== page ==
The archive of the National Viewers' and Listeners' Association, also known as the NVALA or National VALA, was deposited at the Albert Sloman Library, University of Essex over a period of 24 years, with the final deposit being made in 2017. The Archive contains correspondence, materials relating to monitoring of television programmes and films, newspaper cuttings, legal documents, administrative papers, photographs, and objects relating to both the Association and to Mary Whitehouse.
Material in the Archive spans from the founding of the Clean Up TV campaign in 1964, to its rebranding as the National Viewers’ and Listeners’ Association in 1965, and later to Mediawatch-UK in 2001. We’ve kept the material in its original archival integrity, which means that these are how you would have found them in the NVALA offices. Contained within each of the boxes are pages of correspondence, media, photographs, piles of newspaper clippings each related to her individual campaigns, such as:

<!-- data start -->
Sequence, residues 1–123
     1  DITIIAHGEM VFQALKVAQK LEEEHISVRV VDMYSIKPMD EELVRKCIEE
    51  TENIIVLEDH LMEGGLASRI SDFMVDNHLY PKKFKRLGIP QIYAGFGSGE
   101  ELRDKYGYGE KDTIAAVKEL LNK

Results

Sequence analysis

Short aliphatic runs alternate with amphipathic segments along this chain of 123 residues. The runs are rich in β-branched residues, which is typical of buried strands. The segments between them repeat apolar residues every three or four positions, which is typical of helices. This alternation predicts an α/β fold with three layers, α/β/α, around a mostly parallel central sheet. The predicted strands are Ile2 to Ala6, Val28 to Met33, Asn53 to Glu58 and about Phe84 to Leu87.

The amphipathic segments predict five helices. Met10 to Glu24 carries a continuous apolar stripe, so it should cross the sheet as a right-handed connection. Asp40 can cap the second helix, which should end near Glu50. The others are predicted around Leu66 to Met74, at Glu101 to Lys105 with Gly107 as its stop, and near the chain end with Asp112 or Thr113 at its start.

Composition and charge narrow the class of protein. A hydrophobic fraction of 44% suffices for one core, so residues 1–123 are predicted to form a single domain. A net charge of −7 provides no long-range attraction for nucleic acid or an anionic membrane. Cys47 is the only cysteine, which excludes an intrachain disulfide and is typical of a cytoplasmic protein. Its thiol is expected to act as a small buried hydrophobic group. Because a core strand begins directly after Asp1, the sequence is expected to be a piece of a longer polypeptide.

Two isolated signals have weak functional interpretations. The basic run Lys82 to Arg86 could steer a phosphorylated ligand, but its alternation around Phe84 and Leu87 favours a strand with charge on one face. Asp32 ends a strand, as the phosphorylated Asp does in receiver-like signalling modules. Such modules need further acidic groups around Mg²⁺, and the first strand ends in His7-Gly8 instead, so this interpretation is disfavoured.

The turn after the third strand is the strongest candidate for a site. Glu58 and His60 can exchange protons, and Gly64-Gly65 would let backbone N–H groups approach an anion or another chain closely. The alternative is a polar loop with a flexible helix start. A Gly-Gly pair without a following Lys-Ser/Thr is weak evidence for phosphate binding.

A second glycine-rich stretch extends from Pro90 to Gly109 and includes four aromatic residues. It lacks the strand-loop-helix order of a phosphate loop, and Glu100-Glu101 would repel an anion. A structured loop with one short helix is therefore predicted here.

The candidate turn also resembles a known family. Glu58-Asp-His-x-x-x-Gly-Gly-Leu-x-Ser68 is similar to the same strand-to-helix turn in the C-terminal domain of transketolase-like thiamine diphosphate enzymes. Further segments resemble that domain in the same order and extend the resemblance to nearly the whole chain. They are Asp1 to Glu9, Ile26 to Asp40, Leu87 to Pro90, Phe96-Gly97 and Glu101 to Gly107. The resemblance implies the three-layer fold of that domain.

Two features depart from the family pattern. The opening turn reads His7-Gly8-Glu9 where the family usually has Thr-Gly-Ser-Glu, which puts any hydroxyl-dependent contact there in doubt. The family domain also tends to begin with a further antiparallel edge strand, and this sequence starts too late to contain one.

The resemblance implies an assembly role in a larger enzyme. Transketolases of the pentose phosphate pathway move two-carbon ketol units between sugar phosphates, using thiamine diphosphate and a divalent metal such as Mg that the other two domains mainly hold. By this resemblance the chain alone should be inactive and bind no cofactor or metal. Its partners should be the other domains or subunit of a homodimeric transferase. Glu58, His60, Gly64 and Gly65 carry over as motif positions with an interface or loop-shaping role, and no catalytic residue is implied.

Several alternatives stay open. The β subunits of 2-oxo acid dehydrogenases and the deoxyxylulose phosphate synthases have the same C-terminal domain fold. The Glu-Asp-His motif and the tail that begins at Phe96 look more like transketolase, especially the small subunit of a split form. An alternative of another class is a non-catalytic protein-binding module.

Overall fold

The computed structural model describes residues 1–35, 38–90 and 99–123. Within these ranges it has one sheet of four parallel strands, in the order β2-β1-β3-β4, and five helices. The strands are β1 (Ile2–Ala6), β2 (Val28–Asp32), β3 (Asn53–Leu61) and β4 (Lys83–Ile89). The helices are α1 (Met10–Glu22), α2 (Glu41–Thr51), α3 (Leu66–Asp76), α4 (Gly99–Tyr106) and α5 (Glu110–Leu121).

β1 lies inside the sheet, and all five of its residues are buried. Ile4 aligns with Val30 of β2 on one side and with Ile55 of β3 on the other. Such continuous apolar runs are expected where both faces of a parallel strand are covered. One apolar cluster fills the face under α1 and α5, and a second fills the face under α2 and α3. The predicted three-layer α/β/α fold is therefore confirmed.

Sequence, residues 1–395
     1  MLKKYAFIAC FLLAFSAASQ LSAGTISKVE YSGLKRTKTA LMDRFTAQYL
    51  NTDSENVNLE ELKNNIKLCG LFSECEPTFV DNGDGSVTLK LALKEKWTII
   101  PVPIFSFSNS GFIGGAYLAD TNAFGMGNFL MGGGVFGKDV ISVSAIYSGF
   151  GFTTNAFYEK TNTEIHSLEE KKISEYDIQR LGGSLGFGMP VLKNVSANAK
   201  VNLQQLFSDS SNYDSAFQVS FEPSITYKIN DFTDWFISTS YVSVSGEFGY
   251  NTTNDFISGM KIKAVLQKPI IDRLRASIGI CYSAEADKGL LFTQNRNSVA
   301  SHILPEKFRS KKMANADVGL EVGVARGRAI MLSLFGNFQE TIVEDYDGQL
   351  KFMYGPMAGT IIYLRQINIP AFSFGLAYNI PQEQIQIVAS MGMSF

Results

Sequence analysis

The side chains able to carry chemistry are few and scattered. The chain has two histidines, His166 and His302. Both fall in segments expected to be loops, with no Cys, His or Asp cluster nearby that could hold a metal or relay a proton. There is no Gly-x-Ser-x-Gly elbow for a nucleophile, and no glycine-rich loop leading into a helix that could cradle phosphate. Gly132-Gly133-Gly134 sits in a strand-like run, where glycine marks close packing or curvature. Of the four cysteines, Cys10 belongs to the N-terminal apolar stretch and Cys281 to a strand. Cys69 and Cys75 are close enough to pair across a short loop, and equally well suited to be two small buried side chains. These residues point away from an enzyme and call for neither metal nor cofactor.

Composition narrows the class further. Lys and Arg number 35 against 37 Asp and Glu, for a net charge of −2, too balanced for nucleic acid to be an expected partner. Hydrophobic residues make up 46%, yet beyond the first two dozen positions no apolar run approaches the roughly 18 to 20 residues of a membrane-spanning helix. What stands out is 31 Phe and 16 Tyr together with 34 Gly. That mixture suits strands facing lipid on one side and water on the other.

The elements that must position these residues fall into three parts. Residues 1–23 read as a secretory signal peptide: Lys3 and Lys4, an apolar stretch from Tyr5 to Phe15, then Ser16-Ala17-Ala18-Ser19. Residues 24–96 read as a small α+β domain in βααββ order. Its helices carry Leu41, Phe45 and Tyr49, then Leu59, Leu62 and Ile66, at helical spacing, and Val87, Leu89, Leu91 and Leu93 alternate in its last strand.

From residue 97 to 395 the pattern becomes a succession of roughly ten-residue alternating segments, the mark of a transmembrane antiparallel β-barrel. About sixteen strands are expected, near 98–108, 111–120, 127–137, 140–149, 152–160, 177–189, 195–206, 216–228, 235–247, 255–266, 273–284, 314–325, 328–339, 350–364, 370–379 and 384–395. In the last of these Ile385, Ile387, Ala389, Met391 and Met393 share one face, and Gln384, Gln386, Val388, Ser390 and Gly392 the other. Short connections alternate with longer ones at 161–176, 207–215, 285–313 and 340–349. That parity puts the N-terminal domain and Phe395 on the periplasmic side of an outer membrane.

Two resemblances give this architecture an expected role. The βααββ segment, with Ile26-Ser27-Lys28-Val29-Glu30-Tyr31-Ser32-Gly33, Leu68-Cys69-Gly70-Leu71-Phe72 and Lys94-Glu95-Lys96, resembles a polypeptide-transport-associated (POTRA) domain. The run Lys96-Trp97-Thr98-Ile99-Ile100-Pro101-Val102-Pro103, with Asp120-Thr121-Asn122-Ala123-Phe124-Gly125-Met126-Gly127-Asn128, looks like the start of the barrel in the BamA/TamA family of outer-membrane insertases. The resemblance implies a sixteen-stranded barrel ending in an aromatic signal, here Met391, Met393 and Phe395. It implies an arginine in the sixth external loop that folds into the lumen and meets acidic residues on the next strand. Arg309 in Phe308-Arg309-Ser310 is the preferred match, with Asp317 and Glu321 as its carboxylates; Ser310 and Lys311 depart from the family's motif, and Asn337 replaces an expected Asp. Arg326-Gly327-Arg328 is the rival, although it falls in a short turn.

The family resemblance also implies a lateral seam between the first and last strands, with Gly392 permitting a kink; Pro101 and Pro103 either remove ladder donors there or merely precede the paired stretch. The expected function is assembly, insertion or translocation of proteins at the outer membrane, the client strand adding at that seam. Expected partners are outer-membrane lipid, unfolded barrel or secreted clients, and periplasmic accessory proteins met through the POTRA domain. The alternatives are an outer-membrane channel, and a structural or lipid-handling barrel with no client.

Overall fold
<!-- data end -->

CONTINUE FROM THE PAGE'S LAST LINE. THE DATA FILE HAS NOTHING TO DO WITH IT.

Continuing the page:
correspondence between her and the BBC for shows such as Doctor Who and the playing of Alice Cooper’s ‘School’s Out’ on the radio, which she believed, would cause an increase in anarchy in UK schools
her private prosecution of the National Theatre’s 1982 production of Romans in Britain on grounds of ‘procuring an act of gross indecency’ and the publication of James Kirkup’s poem ‘The Love that Dares to Speak Its Name’ in a 1977 edition of Gay News on the grounds of blasphemous libel
material relating to the Nationwide Festival of Light in the early 1970s
correspondence between her and 10 Downing Street during her campaigning years, the most notable being her correspondence with Margaret Thatcher